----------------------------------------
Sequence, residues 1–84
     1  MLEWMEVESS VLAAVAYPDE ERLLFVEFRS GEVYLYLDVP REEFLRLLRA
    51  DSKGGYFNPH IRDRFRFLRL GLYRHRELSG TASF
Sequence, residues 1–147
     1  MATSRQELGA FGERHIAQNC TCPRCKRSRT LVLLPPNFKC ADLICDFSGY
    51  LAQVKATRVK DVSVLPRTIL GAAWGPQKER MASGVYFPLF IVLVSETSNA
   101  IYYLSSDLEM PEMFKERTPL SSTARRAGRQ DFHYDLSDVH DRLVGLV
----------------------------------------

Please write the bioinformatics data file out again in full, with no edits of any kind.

Sequence, residues 1–84
     1  MLEWMEVESS VLAAVAYPDE ERLLFVEFRS GEVYLYLDVP REEFLRLLRA
    51  DSKGGYFNPH IRDRFRFLRL GLYRHRELSG TASF
Sequence, residues 1–147
     1  MATSRQELGA FGERHIAQNC TCPRCKRSRT LVLLPPNFKC ADLICDFSGY
    51  LAQVKATRVK DVSVLPRTIL GAAWGPQKER MASGVYFPLF IVLVSETSNA
   101  IYYLSSDLEM PEMFKERTPL SSTARRAGRQ DFHYDLSDVH DRLVGLV